6 Aug 2020
Cars in port tilt shift aerial view

Helping UK automotive flourish despite supply chain difficulties

David Borland

EY UK&I Automotive Leader

Passionate about the automotive industry and delivering innovative solutions for clients. Outside of work, focused on family and community. Enjoys sports.

James Nicholson

Partner, Advanced Manufacturing & Mobility, Ernst & Young LLP

Strategy leader in automotive, industrial products and manufacturing. Passionate about sustainable, long-term value and the power of diverse perspectives and thinking.

6 Aug 2020

The automotive value chain must ensure resilience today, whilst innovating for future growth.

Before the COVID-19 pandemic, many automotive businesses were struggling. Now they are in peril. Government furlough payments and soft loans helped in the short term but falling volumes, cancelled projects and difficulty refinancing debt are a grave concern for original equipment manufacturers (OEMs) and suppliers already battling to revive output, recover profitability and manage the transition to zero emission technologies.

According to the Society of Motor Manufacturers and Traders (SMMT), UK automotive manufacturing employed 168,000 people in 2019, with a further 655,000 jobs in the rest of the automotive value chain. 1 The SMMT now says one in six posts is under threat and is calling for sector-wide support. 2

COVID-19 lockdowns compounded vulnerabilities in globalised automotive supply chains exposed by recent trade disputes. National efforts to reduce job losses and maintain competitiveness will be hindered if policy responds more slowly than the pace of change in the industrial landscape. Both demand-side and supply-side might benefit from stimulus.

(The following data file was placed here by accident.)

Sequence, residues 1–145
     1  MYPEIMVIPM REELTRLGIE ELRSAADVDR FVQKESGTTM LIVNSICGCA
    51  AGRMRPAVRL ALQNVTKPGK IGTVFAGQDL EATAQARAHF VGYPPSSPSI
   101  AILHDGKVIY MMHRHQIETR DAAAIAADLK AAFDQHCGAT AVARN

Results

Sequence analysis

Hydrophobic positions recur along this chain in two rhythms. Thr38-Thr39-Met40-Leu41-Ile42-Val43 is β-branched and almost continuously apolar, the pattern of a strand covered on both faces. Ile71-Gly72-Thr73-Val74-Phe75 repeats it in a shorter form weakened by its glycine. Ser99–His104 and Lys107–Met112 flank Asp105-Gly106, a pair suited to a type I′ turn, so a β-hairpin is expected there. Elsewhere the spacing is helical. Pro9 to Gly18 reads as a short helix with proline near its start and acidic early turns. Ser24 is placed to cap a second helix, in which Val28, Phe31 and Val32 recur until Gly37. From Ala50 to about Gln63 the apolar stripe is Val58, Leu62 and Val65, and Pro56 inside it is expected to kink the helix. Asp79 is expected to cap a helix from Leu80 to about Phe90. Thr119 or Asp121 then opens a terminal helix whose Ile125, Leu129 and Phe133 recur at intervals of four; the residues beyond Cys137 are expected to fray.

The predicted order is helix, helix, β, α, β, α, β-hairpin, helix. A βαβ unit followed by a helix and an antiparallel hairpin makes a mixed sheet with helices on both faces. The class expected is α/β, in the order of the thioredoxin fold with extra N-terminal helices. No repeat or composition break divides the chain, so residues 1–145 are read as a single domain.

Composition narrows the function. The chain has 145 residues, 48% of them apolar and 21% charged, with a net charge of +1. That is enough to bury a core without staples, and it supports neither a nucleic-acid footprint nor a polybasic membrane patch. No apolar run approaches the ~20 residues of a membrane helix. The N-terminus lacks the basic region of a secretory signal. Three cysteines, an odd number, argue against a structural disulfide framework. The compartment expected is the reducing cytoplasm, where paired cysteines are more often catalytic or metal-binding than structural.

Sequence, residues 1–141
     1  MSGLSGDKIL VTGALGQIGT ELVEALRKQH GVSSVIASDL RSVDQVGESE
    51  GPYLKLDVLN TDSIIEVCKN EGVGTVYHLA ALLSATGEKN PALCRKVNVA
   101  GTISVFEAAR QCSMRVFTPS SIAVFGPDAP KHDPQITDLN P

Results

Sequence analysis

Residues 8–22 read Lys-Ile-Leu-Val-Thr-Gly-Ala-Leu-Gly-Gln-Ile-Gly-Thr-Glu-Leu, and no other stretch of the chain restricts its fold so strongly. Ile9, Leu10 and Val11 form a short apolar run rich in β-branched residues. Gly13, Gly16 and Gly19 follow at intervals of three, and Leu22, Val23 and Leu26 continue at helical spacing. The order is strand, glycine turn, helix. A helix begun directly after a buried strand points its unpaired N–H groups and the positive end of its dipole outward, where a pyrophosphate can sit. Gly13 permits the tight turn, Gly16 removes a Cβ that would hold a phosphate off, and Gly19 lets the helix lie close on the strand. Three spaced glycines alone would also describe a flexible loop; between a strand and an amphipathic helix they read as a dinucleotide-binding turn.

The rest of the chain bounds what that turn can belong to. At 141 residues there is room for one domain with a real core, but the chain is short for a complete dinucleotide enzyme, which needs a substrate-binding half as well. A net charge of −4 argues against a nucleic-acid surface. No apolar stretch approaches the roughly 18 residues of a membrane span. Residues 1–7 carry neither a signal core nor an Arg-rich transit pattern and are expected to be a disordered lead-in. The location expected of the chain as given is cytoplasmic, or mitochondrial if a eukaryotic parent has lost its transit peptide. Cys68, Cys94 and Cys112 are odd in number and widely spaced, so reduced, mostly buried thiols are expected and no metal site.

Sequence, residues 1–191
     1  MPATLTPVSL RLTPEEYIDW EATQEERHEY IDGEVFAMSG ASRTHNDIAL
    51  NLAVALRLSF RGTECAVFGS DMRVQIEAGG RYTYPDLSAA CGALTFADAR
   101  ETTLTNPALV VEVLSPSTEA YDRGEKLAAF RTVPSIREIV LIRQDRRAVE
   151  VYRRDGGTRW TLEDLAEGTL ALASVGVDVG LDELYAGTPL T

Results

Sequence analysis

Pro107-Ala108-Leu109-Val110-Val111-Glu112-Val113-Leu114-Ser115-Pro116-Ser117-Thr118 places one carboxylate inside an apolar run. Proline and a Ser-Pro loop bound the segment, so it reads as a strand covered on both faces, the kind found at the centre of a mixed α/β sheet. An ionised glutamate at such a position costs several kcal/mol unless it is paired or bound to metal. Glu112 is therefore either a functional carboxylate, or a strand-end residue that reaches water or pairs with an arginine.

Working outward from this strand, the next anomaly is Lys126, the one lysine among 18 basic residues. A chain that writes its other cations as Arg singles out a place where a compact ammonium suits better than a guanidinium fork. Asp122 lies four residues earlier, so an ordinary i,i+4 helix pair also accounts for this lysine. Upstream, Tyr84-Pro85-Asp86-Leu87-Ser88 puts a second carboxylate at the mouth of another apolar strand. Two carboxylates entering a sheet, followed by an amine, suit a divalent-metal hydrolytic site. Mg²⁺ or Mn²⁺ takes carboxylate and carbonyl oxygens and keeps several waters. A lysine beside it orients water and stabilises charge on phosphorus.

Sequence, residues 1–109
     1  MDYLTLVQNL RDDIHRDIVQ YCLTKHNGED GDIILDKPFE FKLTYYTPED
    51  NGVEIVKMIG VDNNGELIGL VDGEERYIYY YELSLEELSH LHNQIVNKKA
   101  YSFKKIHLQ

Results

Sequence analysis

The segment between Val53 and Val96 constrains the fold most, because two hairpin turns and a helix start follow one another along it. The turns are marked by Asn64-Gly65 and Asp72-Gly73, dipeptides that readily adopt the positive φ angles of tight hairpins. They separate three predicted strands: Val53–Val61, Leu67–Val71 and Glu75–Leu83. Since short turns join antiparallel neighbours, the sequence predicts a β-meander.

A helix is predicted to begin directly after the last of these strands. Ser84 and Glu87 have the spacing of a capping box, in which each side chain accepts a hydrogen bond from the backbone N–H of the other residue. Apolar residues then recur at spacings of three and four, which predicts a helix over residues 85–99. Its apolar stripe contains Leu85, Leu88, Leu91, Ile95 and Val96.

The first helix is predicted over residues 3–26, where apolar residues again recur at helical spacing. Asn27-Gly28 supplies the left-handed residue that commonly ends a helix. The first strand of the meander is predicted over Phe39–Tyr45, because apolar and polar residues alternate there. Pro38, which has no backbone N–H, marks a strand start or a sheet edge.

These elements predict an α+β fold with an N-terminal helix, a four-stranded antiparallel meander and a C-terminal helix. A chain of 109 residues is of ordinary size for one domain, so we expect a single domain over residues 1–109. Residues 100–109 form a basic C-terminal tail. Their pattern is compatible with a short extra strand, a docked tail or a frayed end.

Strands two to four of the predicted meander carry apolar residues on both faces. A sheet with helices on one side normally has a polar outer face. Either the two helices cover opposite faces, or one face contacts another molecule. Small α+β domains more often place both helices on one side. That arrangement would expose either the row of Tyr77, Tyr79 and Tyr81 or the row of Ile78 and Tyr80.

How can players and affected stakeholders across the value chain emerge stronger than before?

The last straw, not the root cause

Long before anyone had heard of COVID-19, several OEMs and suppliers were shrinking their European operations. 3,4,5,6 Vehicle manufacturers are responding to the crisis by further reducing capacity and cancelling or deferring new models. 7,8,9,10,11,12 In general, suppliers have less cash in hand and greater regional exposure than OEMs and are at higher risk. Some made layoffs during the lockdown, some became insolvent before they could restart. 13,14

Restart? Yes. Back to normal? No.

Factories have reopened but weeks of sales have been lost. The European Automobile Manufacturers’ Association (ACEA) forecasts European vehicle sales in 2020 will be 25% lower than 2019. 15 Preparing for the restart with additional protective measures and redesigned workflows cost money and reduced efficiency. Working capital has been hit as sales have stopped but vendors received payment for previous deliveries. Suppliers are less optimistic than OEMs that output will return to pre-crisis levels until social distancing ends. 13,16,17,18,19

Events are moving quickly

Large OEMs already have departments to manage supplier distress but what if the scale and speed of restructuring is too over whelming? Supplier failures in the financial crisis played out over several years; what if this time it is just a few months? Orders are weak and furlough subsidies are being withdrawn, squeezing cash reserves. Financing is available but at increasing cost. 20 Existing debt must also be refinanced. Requests for early or upfront payments are rising and OEMs are already nudging multinational suppliers to absorb weaker rivals. 16,21,22

Troubling times for global supply chains

Whilst OEMs react to financial turmoil amongst their suppliers, they must re-examine global supply chain vulnerabilities exposed by trade stresses - the UK’s future relationship with its biggest trading partners remains unclear - and rolling regional lockdowns. Some will be tempted to avoid such shocks in future by sourcing regionally rather than globally. Good for supply chain resilience but bad for the factories that lose customers.